Vinay Deobhakta, a former lawyer, was charged with misconduct for actions taken while acting for a client in a dispute with IRD. The New Zealand Lawyers and Conveyancers Disciplinary Tribunal found the charge proven in its decision at  NZLCDT 55, given on 18 December 2013.
Four of Mr Deobhakta’s actions were the subject of the charge. The first was a request by Mr Deobhakta that his client exchange a cheque for $25,000 (for a proposed settlement with IRD) for a cheque for $21,000 and $4,000 in cash. Mr Deobhakta denied requesting the exchange, and denied receiving the cash. However the tribunal preferred the evidence of the client, who had produced documentary evidence supporting the allegations.
The second action was a later request by Mr Deobhakta that he be permitted to apply the funds for a different, unrelated purpose. When it became clear that it was unlikely that IRD would agree to the settlement proposal, he asked his client if he could use the funds to assist him to obtain evidence against a corrupt immigration official. Mr Deobhakta claimed he was working to assist the New Zealand government in this regard. He suggested that if the client co-operated, the government would be advised, and it would help the client in his dealings with IRD.
The tribunal considered this was an “unusual” request. The only evidence before the tribunal of the agreement with the government was from Mr Deobhakta. The tribunal said it was difficult to see how such an agreement would have assisted the client in the manner suggested. It involved the diversion of funds the client wanted to use to settle his dispute with IRD to a matter which was not the client’s concern, and which was of no real value to the client. The tribunal noted that this request was, in the circumstances, a significant failure in Mr Deobhakta’s duty to his client. The client had “sensibly” declined the request (more than once), the tribunal noted.
The third action was a refusal to refund a retainer of $15,000 under the terms of a contingency fee agreement. The agreement was entered into after the client became concerned that his position did not appear to have been advanced with the IRD.
In the agreement, the retainer was refundable if certain “aims” were not “sought”. This included, in particular, the avoidance of criminal charges being laid by IRD, and the achievement of a satisfactory settlement agreement. Mr Deobhakta claimed that this was not a guarantee of success and that he was only required to seek the required outcomes, not necessarily achieve them.
The tribunal, however, said that there was “no real contingency” in the agreement at all. The client “clearly was misled, as he thought he would get his fees back unless Mr Deobhakta could achieve a settlement and he escaped prosecution,” the tribunal said. The client could not reach agreement with IRD and he was prosecuted and convicted.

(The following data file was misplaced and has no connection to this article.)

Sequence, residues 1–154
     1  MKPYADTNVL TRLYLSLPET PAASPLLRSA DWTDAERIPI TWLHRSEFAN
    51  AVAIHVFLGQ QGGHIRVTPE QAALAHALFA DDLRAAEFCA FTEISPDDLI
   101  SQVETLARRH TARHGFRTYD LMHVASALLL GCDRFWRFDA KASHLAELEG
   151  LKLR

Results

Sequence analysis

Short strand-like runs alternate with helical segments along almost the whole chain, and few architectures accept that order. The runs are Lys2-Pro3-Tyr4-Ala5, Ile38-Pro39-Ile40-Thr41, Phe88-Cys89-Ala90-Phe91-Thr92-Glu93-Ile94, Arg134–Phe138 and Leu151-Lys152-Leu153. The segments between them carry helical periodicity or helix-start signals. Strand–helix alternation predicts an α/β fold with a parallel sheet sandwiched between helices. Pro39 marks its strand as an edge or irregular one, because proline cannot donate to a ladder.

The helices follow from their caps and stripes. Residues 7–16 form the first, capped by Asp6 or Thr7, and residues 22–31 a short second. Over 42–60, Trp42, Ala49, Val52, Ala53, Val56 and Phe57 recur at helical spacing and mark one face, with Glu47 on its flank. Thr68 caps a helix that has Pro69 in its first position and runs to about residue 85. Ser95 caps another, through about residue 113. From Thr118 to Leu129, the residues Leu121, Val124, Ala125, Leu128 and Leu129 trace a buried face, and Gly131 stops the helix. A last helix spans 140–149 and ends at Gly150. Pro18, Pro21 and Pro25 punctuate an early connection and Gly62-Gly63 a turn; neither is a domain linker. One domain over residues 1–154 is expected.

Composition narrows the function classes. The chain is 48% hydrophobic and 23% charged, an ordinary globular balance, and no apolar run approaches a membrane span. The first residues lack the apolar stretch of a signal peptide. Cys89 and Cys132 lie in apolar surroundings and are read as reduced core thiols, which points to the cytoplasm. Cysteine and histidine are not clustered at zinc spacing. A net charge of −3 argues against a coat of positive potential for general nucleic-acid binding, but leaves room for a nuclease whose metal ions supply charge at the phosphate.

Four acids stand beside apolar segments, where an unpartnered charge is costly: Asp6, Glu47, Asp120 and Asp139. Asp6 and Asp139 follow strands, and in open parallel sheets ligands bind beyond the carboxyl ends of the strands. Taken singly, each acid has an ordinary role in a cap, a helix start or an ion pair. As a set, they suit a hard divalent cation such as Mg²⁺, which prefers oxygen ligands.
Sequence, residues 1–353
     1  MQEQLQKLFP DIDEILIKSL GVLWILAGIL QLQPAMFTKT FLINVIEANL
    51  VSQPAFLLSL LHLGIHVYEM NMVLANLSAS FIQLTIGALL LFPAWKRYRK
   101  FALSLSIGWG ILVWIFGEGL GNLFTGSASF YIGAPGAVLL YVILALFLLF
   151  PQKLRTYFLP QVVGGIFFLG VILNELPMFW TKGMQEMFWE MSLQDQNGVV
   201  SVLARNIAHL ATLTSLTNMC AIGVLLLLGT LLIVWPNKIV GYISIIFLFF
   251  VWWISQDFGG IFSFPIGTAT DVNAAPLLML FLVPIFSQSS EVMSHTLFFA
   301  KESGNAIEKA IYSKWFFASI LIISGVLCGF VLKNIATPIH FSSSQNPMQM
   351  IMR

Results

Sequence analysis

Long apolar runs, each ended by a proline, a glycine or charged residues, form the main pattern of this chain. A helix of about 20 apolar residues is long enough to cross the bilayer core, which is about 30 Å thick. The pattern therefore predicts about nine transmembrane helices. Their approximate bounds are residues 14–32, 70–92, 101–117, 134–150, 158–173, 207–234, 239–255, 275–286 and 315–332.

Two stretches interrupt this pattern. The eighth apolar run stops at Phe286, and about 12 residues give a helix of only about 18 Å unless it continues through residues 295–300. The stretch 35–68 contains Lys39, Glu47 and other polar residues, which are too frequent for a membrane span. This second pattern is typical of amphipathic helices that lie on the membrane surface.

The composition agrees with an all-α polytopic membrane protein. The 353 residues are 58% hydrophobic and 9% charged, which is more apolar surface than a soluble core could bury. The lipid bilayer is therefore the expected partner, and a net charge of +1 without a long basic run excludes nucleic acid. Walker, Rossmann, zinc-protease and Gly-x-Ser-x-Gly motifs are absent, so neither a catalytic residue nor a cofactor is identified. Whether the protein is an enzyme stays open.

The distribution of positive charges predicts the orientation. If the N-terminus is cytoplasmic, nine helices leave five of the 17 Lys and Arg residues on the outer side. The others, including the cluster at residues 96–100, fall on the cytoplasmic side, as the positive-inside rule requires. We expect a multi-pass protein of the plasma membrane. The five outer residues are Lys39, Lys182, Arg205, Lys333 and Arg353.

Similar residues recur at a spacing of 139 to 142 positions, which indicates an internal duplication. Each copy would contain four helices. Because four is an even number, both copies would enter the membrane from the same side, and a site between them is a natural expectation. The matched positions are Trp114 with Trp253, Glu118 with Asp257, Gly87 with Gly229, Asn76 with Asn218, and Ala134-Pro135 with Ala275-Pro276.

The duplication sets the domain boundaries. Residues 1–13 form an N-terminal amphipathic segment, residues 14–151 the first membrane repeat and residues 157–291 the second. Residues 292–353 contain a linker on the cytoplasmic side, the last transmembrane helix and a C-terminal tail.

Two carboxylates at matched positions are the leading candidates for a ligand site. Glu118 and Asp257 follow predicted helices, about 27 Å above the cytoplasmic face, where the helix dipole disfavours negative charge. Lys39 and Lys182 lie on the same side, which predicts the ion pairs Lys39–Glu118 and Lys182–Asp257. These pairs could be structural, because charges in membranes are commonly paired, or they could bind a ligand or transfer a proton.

The tribunal noted that the client had been misled in another way. Mr Deobhakta signed the agreement four days before he was adjudicated bankrupt. The tribunal said that as a result, the agreement was worthless as a means of the client protecting his right to recover fees paid. Mr Deobhakta admitted that he was well aware of this at the time.
Fourthly Mr Deobhakta admitted that he had sent a number of abusive text messages to the client when the client decided to consult another lawyer.
Considering all the circumstances, the tribunal decided that Mr Deobhakta’s actions amounted to misconduct.
The tribunal considered a preliminary matter concerning the scope of the charges.
Mr Deobhakta said that the charges went beyond the matters complained of by his former client and this was unfair. The tribunal rejected this contention, and determined that the charges were properly laid. Charges before the tribunal were not necessarily limited to the issues raised by complainants.
The tribunal had regard to the provisions of the Lawyers and Conveyancers Act 2006 and recent case law.
Given that a standards committee may investigate a complaint, including conducting a hearing, “we cannot see how the scope of any charge arising from that investigation and hearing could be limited by the content of the complaint,” the tribunal said.
“The very purpose of the investigation and hearing is to decide whether there is anything arising out of the complaint that warrants a charge being considered by the tribunal. The person making the complaint causes the process to start, but pending an investigation by the standards committee, what may come out of that complaint can never be certain. The complainant’s concerns could not themselves limit the charges that may result from the investigation and hearing undertaken by the committee.”
The tribunal also noted that it would be wrong in principle to limit charges in the manner Mr Deobhakta contended. Not all clients may appreciate a professional offence had occurred in certain circumstances. A standards committee is limited to laying an “appropriate” charge. The tribunal said the charges “may well extend further than what was said in the complaint itself”, depending on the outcomes of the committee’s investigation and hearing.
In this case the tribunal found that the charges were appropriate. They were within the ambit of the conduct considered by the committee during its investigation and hearing of the complaint. The charges made it clear what allegations Mr Deobhakta faced.
A further hearing to determine penalty had not been held when LawTalk went to print.